Leeds United Dream Team centre back: Hunter was more than just a hatchet man INTERVIEW

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it’s fair to say Norman Hunter never exactly hid his defensive iron fist beneath a velvet glove.

Yet appearances can sometimes be a little misleading and when the Professional Football Association’s Player of the Year award was inaugurated in 1973-74, the very notion that the maiden accolade would go to a snarling hatchet man was far-fetched in the extreme. Beauty generally wins over beast in any pageant, after all.

For a defender handed the famous “Bites Yer Legs” moniker, skill was never the most obvious part of Hunter’s footballing make-up with many rival supporters treating him as the proverbial pantomine villain. But his playing peers saw subtlety and masterly defensive class behind the strongarm image, with the respect in him winning the award more than 37 years ago total.

Yes Hunter, who joined United’s groundstaff in November 1960 and became a club institution, could look after himself and dish it out, if need be. But he could also play, as you had to in that once-in-a-lifetime line-up, with rivals such as Kevin Keegan among a host of leading players who voted for him in 1973-74.

Keegan famously said: “He did not get enough credit for his skill. He could flight the ball beautifully with his left foot. A great player.”

That said, it didn’t stop the feisty Liverpool forward being handed a special welcome by Hunter at his testimonial, with the lad from Doncaster adding: “I drove 100 miles and the first thing he did was chop me down!” Some things just come naturally, after all.

Dream Team member Hunter, part of the most decorated central-defensive axis in United’s history alongside Jack Charlton, said: “It’s a good Trivial Pursuit question and nobody ever knows ‘Who was the first-ever PFA Player of the Year?’. And that was me...

“I must have been thought a bit of and it was a big moment for me.

“You don’t end up playing with the players I did for all those years without being able to play a little bit!

“But my job, as Don Revie used to say to me, was ‘win the ball and give it to those who could really play!’. Alright, it didn’t do your confidence any good because everyone thinks they can play...But he was right.

“The people I was giving the ball to could have played in any team in Europe, without a doubt.

“When I had the ball, I could always hit the front guys and dink it over midfield. But I didn’t do it that often for the simple fact there was always Johnny (Giles) and Billy (Bremner) waiting or Eddie (Gray) or TC (Terry Cooper).

“But as a defender, you had to have a bit of skill. The pitches now are brilliant, but we had everything to contend with; the ball could stick in the mud and do anything.”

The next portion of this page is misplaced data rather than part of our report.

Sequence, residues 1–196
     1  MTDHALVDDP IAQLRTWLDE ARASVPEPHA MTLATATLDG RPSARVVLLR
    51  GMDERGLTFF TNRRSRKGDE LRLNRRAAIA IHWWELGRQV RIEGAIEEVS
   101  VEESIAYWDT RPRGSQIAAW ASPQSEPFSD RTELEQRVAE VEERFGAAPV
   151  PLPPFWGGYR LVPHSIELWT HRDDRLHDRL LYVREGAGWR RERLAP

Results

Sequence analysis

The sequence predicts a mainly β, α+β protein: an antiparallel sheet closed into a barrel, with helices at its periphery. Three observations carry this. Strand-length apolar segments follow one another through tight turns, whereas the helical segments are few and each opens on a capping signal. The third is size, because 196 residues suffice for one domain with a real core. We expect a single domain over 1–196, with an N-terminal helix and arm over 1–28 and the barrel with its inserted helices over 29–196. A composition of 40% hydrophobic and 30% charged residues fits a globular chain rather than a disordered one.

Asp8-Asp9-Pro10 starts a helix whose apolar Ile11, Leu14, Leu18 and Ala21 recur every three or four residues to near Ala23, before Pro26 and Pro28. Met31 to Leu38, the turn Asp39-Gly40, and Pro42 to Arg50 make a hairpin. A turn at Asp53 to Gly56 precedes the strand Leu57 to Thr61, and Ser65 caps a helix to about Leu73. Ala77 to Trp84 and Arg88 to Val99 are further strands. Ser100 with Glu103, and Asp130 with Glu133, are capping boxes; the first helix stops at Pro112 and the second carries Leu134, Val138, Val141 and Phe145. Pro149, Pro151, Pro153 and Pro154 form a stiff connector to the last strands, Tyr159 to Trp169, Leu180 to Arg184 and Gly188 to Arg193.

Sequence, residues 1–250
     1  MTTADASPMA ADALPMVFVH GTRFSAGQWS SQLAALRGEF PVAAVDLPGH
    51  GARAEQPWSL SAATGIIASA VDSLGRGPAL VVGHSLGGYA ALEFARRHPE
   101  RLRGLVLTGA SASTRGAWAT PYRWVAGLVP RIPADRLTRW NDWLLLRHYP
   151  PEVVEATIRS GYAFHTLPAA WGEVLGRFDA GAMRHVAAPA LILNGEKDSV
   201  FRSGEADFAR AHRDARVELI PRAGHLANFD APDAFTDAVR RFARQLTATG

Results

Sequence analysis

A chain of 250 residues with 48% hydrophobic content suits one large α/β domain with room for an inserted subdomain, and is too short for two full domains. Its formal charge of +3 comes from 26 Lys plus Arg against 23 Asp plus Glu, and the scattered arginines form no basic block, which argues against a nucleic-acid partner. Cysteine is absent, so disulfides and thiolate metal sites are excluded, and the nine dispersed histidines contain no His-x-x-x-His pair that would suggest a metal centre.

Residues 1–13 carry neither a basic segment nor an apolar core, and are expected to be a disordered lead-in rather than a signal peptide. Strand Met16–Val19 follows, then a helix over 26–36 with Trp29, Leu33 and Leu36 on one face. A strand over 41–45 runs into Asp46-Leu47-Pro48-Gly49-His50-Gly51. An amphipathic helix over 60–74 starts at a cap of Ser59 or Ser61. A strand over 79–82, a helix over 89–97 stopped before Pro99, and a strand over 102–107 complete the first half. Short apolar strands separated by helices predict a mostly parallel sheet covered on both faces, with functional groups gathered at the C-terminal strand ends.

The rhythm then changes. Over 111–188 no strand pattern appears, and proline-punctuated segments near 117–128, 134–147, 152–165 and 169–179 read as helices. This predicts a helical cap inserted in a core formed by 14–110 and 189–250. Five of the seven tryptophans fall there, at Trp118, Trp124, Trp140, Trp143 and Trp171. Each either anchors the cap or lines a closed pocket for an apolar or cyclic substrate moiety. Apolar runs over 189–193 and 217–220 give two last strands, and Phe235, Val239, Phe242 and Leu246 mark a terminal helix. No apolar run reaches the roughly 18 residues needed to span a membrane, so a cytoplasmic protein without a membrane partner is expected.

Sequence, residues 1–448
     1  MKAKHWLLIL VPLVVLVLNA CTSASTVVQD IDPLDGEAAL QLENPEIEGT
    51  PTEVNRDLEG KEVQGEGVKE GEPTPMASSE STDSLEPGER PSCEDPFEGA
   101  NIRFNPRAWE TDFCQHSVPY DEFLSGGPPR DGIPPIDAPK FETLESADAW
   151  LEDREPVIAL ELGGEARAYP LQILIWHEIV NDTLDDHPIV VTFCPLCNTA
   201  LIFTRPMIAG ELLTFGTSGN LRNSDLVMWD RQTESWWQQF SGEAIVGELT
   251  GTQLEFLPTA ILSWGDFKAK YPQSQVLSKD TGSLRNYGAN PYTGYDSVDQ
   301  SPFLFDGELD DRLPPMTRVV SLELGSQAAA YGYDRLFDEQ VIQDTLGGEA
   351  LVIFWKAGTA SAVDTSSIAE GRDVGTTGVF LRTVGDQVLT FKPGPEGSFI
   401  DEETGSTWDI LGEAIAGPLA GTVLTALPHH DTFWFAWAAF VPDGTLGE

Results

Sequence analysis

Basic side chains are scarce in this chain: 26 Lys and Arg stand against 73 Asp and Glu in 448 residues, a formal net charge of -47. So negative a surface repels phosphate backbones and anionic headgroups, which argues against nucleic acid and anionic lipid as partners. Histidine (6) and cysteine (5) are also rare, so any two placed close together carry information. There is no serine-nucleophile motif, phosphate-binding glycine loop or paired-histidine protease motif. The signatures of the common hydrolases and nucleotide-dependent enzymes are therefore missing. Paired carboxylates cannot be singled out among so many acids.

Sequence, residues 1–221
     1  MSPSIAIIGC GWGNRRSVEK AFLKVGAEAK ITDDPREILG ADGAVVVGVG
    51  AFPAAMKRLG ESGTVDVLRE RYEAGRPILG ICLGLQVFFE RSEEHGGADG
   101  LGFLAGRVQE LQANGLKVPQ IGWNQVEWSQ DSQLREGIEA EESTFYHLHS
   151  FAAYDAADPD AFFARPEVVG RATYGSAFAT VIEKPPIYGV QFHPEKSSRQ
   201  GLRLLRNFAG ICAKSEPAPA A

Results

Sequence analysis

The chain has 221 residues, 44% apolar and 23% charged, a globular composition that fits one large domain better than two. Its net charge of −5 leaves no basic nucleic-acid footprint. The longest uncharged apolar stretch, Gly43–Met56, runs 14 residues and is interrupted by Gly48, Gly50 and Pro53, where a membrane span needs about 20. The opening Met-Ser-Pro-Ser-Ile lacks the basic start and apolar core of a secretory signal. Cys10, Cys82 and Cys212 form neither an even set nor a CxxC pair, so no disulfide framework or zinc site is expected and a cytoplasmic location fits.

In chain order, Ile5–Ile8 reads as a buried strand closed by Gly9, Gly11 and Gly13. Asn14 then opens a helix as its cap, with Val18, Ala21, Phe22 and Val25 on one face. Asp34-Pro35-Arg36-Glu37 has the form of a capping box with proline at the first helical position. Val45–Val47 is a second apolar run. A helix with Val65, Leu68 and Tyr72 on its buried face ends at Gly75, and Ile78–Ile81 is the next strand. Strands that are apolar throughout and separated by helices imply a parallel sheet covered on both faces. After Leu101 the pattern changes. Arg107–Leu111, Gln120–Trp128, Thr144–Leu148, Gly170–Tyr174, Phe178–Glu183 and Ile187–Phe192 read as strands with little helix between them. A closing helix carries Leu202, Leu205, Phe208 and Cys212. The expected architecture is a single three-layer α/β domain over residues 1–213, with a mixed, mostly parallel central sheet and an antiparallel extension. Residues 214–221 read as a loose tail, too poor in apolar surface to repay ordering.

On his legendary partnership with Charlton, he added: “You look at most teams and they seemed to have a good pairing. Things seemed to come in pairs, you had two good central-defenders, centre-midfielders and strikers.

“Big Jack looked after me and I learnt a lot from him. I could defend but also – people don’t realise – sometimes, as a defender, coming back towards your own goal under pressure, your touch has to be good.

“Me and Jack were good together, but don’t forget we also had Terry Cooper and Paul Reaney and initially Willie Bell. We played so long together, we knew exactly where each other was and you don’t have to think about doing something; if I went in a certain position, I knew Jack Charlton was behind me.”

Hunter was at the core of that great side who dominated the footballing landscape for the best part of a decade, without turning their successful silverware sorties into the laden trail it could and should have been between 1965 and 1975, although the “bridesmaids” tag was a tad unfair.


But the specialness of those halcyon days are still absolute for Hunter, also able to look back with pride at 28 England caps and sampling two of the most iconic World Cups ever in 1966 and 1970 at a time when England were blessed with central-defensive options.

Not forgetting a golden swansong and cult hero status during a rare top-flight joyride at Bristol City to sit alongside his revered time as part of the Leeds family and countless accolades.

Hunter, who turns 68 in October, said: “Alright, we missed out on a lot of things. But by gum, anyone would have given their right arm to play in that team and the overall experience of playing for Leeds United, being managed by Don Revie and being among the players going into training day in, day out was something I couldn’t wait for every day.

“I always got on well with the Leeds fans. I spent 16 years at the club and played a lot of games and it’s nice to be in the Dream Team.

“I had a similar feeling with supporters at Bristol City. Fans always like to see players giving whatever they have got and I tried to do that and that’s why I got on so well.

“In terms of what I achieved, I can’t complain. Some have said I could have won more England caps but, for me, I was fortunate and unfortunate to be around at the same time as Bobby Moore. I was fortunate to sit and watch him as the better the opposition, the better he played. But 28 caps and two World Cups, I’m quite happy with that.”


Lucas Radebe 41%

Norman Hunter 28%

Jack Charlton 23%

Jonathan Woodgate 4%

Chris Fairclough 1%

Gordon McQueen 1%

Rio Ferdinand 1%

Chris Whyte 0%